For a boy who fled political unrest in Nigeria with his mother and siblings only to grow up amid poverty and gun violence in Toronto’s Jamestown neighbourhood, Lekan Olawoye comes by his community activism honestly.
He has been a respected youth leader in the city’s Rexdale and Weston-Mount Dennis communities, a former chair of the Premier’s Council on Youth Opportunities and a candidate for city council in the 2014 election.
Now Olawoye is director of Studio Y, a provincially-funded youth fellowship program at MaRS. And he is organizing a gathering of the country’s brightest young leaders and innovators who will spend the next two days with business, non-profit and academic mentors to draft a national youth strategy to fuel Canada’s social and economic future.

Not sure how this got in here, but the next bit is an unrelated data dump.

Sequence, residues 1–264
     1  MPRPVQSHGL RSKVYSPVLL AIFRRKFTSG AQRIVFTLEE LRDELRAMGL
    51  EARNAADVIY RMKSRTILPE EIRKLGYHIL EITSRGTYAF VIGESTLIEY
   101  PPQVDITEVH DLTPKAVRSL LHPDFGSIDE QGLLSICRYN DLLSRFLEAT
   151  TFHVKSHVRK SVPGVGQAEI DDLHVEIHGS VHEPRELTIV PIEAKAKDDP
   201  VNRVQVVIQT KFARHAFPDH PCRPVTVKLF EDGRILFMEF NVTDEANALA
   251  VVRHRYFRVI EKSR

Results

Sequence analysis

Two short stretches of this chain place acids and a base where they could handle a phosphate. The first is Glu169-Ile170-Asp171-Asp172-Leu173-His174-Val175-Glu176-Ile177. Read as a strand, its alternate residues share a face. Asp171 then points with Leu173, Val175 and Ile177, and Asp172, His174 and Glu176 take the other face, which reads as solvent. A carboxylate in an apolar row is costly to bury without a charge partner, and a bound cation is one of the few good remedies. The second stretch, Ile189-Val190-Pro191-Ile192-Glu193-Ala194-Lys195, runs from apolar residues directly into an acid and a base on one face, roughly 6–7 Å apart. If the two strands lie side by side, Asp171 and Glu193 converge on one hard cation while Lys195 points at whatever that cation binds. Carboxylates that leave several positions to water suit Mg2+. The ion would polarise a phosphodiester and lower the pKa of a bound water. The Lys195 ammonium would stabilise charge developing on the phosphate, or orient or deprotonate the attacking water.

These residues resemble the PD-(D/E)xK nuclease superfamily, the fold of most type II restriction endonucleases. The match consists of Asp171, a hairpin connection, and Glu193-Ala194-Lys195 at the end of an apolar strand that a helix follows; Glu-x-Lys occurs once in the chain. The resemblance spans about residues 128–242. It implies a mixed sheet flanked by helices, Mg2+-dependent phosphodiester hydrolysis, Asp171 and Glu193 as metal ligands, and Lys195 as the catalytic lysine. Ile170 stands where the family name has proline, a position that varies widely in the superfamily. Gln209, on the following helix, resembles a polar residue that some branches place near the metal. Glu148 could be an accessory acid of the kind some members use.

“We have a national system to develop hockey players in this country,” he says. “We need that same level of intentionality to develop young leaders and innovators in Canada.”
With a new government in Ottawa that arguably owes its electoral success to young voters and Prime Minister Justin Trudeau’s decision to take on the role of minister of youth, the timing couldn’t be better, says Olawoye, 31, a father with three children ages 9, 4 and 2.
This article originally appeared in Toronto Star.